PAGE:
DevOpsPorto Meetup9: There is no such thing as human error by João Miranda

DevOpsPorto Meetup9: There is no such thing as human error by João Miranda

Talk delivered by João Miranda

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DevOpsPorto

October 14, 2017
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Transcript

  1. Human Error There is no such things as...

  2. Ego Self-Massage 17 years in the IT world: developer, scrum

    master, ALM team lead, agile coach, solution architect, engineering manager Manages (huh... tries to cope with) 10 Scrum teams Co-organizes DevOps Lisbon meetup Loves Software Engineering
  3. Favourite journalist question after an accident?

  4. “Was it a human or a technical error?”

  5. “Employing simplicity thinking and linear logic, the official findings and

    the judicial rulings determined that the train driver was “exclusively” responsible for the crash.”* * Disaster complexity and the Santiago de Compostela train derailment
  6. Amazon’s outage “Amazon’s massive AWS outage was caused by human

    error. One incorrect command and the whole internet suffers.” Recode. March 2, 2017
  7. “During the deployment of the new code, however, one of

    Knight’s technicians did not copy the new code to one of the eight SMARS computer servers. Knight did not have a second technician review this deployment (...)” Knightmare: A DevOps Cautionary Tale Knight Capital Loses $440 Million in 30 Minutes
  8. Consumer credit reporting agency. Info on 800 million consumers.

  9. Hackers exposed the Social Security numbers, drivers licenses and other

    sensitive info of 143 million customers.
  10. … yup… you’ve guessed it...

  11. “Former Equifax CEO says breach boiled down to one person

    not doing their job.” https://techcrunch.com/2017/10/03/former-equifax-ceo-says-breach-boiled-down-to-one-person-not-doing-their-job/
  12. “It’s well established that accidents cannot be attributed to a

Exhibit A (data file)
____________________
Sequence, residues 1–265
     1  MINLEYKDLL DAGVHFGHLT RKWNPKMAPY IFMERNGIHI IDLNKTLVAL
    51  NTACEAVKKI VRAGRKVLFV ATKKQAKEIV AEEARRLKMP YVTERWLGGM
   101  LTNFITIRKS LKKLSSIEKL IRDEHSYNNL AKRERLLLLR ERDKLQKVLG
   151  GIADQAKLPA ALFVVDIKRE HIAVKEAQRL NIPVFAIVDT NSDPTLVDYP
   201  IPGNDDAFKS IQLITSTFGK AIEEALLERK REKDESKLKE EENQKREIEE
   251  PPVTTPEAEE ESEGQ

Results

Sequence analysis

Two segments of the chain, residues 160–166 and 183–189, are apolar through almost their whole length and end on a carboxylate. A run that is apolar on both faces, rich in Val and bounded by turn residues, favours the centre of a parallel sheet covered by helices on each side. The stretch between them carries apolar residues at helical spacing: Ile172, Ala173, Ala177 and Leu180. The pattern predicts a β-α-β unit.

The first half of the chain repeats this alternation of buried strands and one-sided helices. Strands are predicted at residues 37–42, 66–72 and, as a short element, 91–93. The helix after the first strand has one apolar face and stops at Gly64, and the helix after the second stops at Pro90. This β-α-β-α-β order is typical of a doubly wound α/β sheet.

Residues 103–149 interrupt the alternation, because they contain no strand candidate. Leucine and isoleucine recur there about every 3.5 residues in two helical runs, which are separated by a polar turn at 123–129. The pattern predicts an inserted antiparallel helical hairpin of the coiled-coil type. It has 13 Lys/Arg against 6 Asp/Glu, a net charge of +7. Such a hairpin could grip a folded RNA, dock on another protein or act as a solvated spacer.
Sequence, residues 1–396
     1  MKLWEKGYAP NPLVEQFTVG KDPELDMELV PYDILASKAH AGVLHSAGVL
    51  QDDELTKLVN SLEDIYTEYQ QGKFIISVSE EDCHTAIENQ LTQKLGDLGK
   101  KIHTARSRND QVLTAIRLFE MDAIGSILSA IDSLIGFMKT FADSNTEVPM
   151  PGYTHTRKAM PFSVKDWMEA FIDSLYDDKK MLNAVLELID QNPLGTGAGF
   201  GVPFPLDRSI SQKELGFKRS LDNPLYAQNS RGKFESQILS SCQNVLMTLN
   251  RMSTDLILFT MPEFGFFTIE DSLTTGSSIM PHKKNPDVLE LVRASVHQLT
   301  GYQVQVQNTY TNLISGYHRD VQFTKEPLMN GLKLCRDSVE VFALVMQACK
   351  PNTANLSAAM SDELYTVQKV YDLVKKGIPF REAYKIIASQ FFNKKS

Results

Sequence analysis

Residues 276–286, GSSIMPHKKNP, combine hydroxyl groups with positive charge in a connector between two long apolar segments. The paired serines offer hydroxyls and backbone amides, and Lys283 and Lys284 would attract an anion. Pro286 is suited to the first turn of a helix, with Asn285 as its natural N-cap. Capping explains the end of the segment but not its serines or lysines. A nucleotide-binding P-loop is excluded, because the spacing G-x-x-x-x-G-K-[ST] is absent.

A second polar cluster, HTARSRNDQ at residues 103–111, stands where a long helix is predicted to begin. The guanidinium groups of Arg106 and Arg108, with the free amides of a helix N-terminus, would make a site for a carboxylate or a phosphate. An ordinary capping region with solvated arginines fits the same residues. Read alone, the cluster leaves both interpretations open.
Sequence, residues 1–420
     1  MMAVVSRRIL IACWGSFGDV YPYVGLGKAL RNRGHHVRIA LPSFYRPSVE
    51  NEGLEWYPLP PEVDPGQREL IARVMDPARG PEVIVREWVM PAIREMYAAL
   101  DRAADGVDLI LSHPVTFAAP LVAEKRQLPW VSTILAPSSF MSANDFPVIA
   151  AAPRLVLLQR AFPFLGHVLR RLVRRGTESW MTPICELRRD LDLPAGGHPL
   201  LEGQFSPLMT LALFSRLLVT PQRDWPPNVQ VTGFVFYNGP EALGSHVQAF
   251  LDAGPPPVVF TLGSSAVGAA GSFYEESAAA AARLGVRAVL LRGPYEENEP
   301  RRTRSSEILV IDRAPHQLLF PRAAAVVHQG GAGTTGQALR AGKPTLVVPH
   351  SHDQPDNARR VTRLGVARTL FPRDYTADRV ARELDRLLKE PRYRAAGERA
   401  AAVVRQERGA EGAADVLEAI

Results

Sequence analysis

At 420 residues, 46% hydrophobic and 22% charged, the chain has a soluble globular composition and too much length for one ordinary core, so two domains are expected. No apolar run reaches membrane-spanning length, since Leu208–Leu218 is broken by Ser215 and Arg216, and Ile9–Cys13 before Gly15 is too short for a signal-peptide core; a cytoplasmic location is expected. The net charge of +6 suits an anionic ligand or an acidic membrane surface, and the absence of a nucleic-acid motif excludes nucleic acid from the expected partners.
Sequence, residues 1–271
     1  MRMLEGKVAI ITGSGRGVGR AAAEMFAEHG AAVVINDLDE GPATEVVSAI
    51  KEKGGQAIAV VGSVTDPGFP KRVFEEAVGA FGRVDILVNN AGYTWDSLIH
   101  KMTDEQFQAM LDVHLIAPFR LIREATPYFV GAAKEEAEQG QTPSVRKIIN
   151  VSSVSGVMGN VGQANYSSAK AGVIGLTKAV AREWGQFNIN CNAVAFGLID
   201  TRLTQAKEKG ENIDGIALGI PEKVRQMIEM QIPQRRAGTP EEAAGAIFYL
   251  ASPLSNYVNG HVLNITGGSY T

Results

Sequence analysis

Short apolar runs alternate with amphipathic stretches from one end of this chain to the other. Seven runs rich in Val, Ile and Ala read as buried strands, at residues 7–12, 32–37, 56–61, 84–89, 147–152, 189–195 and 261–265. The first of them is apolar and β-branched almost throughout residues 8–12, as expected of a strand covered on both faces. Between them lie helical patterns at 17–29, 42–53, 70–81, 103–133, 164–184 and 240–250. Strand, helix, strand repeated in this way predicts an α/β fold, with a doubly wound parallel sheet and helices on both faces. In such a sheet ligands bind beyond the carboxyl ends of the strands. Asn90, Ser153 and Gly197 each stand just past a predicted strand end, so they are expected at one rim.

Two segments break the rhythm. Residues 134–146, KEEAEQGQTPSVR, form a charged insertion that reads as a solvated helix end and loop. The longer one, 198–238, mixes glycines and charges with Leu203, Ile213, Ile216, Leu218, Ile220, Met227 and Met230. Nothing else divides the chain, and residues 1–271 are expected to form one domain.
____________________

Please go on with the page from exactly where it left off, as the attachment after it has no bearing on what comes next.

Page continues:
single cause or (...) a single individual” Industrial Accident Prevention, H.W. Heinrich, Dan Petersen, Nestor Roos, 1980 (5th edition), McGraw-Hill Book Company (ISBN 0-07-028061-4)
  13. Coping With Complexity Humans are a feature of complex systems.

    They solve the most complex issues (not computers), but they also have some blind spots.
  14. Cognitive Demands of a Domain • Dynamism • Number of

    parts and extensiveness of its interconnections • Uncertainty • Risk A domain is complex if high in all of these dimensions. * David D. Woods, “Coping with complexity: The psychology of human behaviour in complex systems” (1988)
  15. Failure to Adapt to New Events People may get fixated

    on initial assessments. * David D. Woods, “Coping with complexity: The psychology of human behaviour in complex systems” (1988)
  16. “…[people] have difficulty in dealing with exponential developments (hard to

    imagine how fast things can change, or accelerate).” Dietrich Dörner, “On The Difficulties People Have In Dealing With Complexity” (1980), via John Allspaw, “Resilience Engineering Part II: Lenses” (2012)
  17. Failure to Use External Guidance to Direct Focus E.g.: Start

    treating a cause before treating more pressing consequences. * David D. Woods, “Coping with complexity: The psychology of human behaviour in complex systems” (1988)
  18. Failures of Prospective Memory Forgetting to recall an intention for

    some future point in time. * David D. Woods, “Coping with complexity: The psychology of human behaviour in complex systems” (1988)
  19. Treating Interconnected Events as Independent E.g.: Failing to consider how

    a recently deployed change to the Users API may be causing the Check-out process to fail. * David D. Woods, “Coping with complexity: The psychology of human behaviour in complex systems” (1988)
  20. “…[people] tend to think in causal series as opposed to

    causal nets (A, therefore B) -> (A and B, therefore C and D, therefore E and A and F)” Dietrich Dörner, “On The Difficulties People Have In Dealing With Complexity” (1980), via John Allspaw, “Resilience Engineering Part II: Lenses” (2012)
  21. Over Reliance on Familiar Signs “The site is so slow.

    It must be the database again.” * David D. Woods, “Coping with complexity: The psychology of human behaviour in complex systems” (1988)
  22. • Human error is cause of failure • Engineered systems

    are safe • Make progress by protecting systems from unreliable humans “Old” View Of Human Error